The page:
Fabaceae or Leguminosae, the legume family
This tree grows sporadically from Panama to Ecuador and southern Brazil.
Other common names:
Almost every locality where this tree grows has one or more distinctive common names for it without regard to the species. Some of the most popular are Arariba, Porcupinewood, and Putumuju.
Canarywood is generally a large tree reaching heights of 100 ft. or more with a trunk diameter of 30 to 50 in. Its big leaves are imparipinnate growing 7 to 17 opposite to alternate leaflets. The flowers are borne in terminal panicles and are usually yellow or purplish. The large samara-like pod has 1 to 3 seeds and looks similar to a chestnut bur sporting wings like a gigantic maple seed.
The sapwood, which is clearly demarcated from the heartwood, is pale yellowish. The heartwood is a vivid yellow or orange, usually variegated and sometimes rainbow-hued. As it ages, it typically darkens to red or brown. The texture and luster varies as does the grain, varying from straight to irregular.
Average reported specific gravity is 0.61 to .69(ovendry weight/green volume), equal to an air-dried weight of 47 to 54 pcf. Janka hardness is 2000 pounds of force. .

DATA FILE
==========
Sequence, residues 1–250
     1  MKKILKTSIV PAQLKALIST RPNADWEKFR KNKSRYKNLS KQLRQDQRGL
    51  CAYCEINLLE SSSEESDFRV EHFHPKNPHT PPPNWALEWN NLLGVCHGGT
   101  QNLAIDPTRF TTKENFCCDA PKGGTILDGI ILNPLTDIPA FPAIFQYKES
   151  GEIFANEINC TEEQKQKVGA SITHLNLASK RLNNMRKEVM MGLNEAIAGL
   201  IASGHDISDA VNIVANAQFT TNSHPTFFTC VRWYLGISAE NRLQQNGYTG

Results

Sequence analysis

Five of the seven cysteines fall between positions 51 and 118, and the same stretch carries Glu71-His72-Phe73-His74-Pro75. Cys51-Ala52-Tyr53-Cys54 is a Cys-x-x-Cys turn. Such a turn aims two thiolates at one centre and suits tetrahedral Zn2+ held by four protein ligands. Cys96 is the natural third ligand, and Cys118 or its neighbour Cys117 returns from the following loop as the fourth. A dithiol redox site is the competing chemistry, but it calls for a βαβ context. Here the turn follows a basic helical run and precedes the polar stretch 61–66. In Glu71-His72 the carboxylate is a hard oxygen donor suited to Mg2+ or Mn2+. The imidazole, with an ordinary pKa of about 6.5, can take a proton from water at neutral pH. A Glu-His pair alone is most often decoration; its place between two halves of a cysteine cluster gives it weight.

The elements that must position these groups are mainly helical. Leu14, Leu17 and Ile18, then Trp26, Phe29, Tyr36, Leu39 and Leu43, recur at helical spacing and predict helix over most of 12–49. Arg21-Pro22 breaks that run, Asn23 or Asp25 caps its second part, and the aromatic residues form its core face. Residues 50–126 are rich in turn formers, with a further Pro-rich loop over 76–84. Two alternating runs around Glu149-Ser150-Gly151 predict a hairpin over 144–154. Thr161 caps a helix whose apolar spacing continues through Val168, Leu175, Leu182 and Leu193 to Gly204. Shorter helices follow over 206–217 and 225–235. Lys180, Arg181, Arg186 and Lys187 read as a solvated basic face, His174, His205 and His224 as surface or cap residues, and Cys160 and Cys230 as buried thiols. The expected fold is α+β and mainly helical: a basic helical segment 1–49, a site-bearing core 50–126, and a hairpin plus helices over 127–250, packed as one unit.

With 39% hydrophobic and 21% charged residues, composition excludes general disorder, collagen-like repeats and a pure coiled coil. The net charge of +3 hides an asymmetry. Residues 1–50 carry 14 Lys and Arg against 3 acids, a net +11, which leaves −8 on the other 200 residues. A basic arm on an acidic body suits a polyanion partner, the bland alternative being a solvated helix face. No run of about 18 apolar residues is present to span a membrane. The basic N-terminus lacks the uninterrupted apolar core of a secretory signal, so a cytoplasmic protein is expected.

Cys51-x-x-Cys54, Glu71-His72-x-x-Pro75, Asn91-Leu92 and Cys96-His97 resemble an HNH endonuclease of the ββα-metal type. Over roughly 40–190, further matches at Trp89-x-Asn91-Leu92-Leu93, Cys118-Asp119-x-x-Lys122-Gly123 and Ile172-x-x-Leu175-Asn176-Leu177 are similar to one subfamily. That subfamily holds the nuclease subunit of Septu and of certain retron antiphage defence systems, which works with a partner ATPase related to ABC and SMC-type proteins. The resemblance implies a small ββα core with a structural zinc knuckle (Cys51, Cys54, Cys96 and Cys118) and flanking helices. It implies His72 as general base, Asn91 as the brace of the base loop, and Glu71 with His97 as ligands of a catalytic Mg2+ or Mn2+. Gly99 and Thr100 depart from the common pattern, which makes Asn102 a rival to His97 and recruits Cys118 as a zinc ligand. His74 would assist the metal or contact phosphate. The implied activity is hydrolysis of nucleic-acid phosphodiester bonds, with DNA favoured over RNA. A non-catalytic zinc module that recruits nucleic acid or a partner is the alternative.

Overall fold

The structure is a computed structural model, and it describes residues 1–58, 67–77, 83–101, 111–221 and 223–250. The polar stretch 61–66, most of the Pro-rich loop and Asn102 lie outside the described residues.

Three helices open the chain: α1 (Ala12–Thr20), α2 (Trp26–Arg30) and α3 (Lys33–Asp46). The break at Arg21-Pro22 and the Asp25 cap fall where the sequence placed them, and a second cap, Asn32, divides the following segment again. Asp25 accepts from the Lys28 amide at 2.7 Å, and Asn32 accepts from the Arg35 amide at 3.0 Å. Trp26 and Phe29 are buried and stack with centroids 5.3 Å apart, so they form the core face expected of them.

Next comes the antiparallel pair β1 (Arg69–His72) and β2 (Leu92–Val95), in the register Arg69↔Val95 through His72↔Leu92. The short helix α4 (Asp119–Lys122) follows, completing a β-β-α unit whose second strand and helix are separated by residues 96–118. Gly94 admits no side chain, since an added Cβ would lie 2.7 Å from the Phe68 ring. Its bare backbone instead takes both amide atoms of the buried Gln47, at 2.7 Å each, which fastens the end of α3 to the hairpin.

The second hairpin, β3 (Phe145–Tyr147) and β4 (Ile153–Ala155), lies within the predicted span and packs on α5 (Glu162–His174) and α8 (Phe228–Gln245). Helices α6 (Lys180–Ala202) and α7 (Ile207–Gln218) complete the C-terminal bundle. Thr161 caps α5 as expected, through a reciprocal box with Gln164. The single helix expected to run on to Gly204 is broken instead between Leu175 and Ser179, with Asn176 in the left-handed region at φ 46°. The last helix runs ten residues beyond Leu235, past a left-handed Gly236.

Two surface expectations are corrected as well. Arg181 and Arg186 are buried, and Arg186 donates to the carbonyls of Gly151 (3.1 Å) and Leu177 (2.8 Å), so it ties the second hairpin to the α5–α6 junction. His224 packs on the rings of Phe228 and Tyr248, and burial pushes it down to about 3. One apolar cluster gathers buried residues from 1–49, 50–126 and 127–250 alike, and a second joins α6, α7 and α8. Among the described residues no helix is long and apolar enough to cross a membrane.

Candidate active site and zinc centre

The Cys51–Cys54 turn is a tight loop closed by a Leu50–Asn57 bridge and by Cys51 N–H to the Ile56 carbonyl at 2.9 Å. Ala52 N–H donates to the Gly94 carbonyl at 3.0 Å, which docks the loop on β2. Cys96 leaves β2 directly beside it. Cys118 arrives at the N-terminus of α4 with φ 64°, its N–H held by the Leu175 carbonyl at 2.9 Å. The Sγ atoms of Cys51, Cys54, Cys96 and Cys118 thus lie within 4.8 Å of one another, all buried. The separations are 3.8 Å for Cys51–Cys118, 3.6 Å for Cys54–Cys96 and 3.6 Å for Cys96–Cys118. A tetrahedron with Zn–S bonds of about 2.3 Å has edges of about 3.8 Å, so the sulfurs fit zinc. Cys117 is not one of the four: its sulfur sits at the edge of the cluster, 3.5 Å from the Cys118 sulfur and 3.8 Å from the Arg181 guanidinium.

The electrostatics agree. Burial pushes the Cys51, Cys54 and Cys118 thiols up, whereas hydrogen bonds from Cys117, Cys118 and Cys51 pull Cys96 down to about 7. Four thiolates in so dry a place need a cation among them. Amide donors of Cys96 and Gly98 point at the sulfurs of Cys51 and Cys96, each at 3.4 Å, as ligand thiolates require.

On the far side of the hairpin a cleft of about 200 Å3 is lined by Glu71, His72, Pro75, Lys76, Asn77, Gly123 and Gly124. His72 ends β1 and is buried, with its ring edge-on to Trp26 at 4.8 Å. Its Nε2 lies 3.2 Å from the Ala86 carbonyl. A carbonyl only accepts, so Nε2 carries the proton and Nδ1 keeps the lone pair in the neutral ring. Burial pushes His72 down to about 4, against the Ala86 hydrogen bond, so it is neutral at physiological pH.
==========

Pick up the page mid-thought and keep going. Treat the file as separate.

Drying & shrinkage:
It dries at a moderate rate with very little or no warp and shrinkage. Average reported shrinkage values (green to ovendry) are 2.4% radial, 5.6% tangential and 8.4% volumetric. The wood is dimensionally stable.
Canarywood is easy to work with any kind of tools. It sands and finishing well.
It is highly durable and is highly resistant to decay and insects including termites and teredo marine borers. It does not take preservative treatment well.
With its beautiful grain and stability, Canarywood is used largely for fine furniture and cabinetry. It is also used for boat parts such as keel, planking and trim plus many other uses such as heavy construction timbers, flooring as well as being sliced for veneers.
On a commercial scale, it is seen only occasionally at a fairly expensive price.
Return to Exotic Wood Library.